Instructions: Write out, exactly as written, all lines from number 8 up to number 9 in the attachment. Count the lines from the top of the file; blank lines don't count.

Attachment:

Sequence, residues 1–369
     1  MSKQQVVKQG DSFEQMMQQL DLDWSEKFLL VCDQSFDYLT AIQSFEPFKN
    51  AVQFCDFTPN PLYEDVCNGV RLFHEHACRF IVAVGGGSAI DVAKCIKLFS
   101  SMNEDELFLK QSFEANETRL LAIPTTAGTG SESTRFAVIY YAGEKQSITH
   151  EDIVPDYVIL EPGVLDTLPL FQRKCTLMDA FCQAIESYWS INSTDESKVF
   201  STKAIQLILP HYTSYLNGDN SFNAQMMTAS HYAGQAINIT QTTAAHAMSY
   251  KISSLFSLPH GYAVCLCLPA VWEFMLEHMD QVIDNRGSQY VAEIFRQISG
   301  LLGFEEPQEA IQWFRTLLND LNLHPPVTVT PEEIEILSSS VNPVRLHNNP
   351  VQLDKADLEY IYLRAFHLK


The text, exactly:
   301  LLGFEEPQEA IQWFRTLLND LNLHPPVTVT PEEIEILSSS VNPVRLHNNP
   351  VQLDKADLEY IYLRAFHLK